The potency specification is >700 ug/mg. Small lot-to-lot variances do occur.
What gene confers resistance to G-418?
The neo/kan gene confers resistance this antibiotic. This gene allows production of aminoglycoside 3-phosphotransferase, which inactivates G-418, neomycin, and kanamycin via phosphorylation.
How can non-transfected cells escape antibiotic selection?
Cells can escape selection if the antibiotic is used at a very low concentration or if the cell density on the plate is too high. Additionally, cells rapidly proliferating are killed faster than those only slowly proliferating. Control cells should die within 5-7 days after addition of the antibiotic allowing colonies of resistant cells to form by 10-14 days.
Can mammalian cells in culture divide in the presence of G-418?
Yes, cells can continue to divide up to two times in the presence of lethal doses of the antibiotic. The effect of the product usually becomes apparent within two days.
How to I calculate for the desired liquid potency of this product?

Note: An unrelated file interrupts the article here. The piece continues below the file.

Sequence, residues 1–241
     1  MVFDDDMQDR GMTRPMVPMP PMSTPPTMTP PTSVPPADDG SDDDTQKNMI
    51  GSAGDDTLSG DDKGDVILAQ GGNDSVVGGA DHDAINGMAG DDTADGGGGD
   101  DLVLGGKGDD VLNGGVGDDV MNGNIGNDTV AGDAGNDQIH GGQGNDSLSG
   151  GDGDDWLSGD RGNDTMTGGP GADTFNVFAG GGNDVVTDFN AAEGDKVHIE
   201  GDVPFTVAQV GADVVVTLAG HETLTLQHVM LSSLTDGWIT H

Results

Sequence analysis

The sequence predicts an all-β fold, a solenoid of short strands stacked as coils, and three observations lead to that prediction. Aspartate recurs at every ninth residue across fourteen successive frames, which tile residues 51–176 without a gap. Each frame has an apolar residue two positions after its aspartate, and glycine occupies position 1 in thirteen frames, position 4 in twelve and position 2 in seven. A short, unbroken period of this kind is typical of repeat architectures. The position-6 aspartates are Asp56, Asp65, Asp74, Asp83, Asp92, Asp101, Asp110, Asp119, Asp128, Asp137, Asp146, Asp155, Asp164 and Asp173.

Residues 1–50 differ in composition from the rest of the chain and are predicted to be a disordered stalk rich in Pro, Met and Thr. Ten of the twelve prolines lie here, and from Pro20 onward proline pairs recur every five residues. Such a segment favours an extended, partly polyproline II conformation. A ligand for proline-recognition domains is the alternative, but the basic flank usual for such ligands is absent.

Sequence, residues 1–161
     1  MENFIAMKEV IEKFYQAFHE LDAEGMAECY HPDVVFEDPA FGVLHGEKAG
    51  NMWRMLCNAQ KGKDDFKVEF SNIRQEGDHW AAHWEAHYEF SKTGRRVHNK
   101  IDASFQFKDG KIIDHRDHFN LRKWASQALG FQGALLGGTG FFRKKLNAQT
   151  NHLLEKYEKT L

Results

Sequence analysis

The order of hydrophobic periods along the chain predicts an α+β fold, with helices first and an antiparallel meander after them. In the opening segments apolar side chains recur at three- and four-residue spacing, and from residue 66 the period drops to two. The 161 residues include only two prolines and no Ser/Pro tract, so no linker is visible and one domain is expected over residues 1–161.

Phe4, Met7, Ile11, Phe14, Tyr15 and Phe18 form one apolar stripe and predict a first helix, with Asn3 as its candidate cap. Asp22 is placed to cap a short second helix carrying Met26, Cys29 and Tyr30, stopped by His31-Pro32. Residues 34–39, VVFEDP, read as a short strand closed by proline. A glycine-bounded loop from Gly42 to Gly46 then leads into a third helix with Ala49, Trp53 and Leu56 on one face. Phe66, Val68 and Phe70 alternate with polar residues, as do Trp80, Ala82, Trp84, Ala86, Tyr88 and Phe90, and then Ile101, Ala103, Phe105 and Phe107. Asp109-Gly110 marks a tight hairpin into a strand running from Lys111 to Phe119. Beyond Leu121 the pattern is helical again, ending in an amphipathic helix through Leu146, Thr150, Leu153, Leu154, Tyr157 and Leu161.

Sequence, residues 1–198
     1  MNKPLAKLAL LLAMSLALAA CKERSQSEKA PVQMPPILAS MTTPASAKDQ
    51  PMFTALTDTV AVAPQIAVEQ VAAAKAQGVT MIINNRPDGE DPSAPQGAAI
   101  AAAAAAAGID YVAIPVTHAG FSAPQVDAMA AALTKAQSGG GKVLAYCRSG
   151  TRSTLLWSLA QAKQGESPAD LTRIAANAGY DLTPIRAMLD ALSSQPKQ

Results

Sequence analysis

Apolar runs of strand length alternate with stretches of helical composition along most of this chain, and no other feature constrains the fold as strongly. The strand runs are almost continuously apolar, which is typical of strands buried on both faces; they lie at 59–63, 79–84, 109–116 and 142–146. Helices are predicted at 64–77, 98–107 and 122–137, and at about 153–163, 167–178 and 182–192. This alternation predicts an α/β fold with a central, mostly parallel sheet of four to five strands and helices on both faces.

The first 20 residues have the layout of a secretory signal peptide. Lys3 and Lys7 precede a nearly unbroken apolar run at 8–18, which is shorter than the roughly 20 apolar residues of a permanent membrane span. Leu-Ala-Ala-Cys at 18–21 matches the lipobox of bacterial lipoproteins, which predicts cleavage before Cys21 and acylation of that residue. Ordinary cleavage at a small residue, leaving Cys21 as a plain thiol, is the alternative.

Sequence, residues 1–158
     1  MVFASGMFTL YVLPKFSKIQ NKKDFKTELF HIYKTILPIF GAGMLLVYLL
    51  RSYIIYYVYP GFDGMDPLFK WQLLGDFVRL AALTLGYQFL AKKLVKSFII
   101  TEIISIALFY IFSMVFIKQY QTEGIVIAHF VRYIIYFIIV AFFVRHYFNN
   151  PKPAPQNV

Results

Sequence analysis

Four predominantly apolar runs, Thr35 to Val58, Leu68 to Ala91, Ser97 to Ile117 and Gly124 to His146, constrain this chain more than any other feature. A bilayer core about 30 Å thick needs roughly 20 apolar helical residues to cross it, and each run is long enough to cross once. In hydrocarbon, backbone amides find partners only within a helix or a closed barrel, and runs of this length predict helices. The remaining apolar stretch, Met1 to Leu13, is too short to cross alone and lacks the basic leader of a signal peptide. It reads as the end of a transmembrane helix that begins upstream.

Potency is reported in µg/mg. To convert the potency reported on the powder to liquid potency, divide the potency by 1000 and multiply this by the desired potency.
For example: If the potency reported on the powder is 750 ug/mg and you wish to make a solution of 400 mg/mL you would: 1000/750 x 400 mg/mL = 533.33 mg/mL
We recommend setting a dose response curve for both sensitive and resistant mammalian cells. Refer to the Certificate of Analysis under ED50 Sensitive and ED50 Resistant for suitable concentrations of G-418 to use for the curve. These concentrations are reported as dry weight. G418 is most effective against dividing cells. By permitting cell growth prior to the addition of G418, one will maximize the selection characteristics of the antibiotic for both sensitive and resistant cells.
G418 Resistant Cell Line Procedure
To generate a stable cell line expressing your protein of interest, you need to determine the minimum concentration of antibiotic required to kill your untransfected host cell line. Test a range of concentrations (at least 6) to ensure that you determine the minimum concentration necessary for your cell line.
- Seed cells at approximately 20-25% confluency on the appropriate number of plates for each time plate and allow cells to adhere overnight. For cells that require higher densities for viability, increase the number of cells seeded.
- The next day, substitute culture medium with medium containing varying concentrations of the antibiotic (i.e., test 0, 50, 100, 200, 400, 800, 1000 ug/mL).
- Replenish the selective medium every 3-4 days.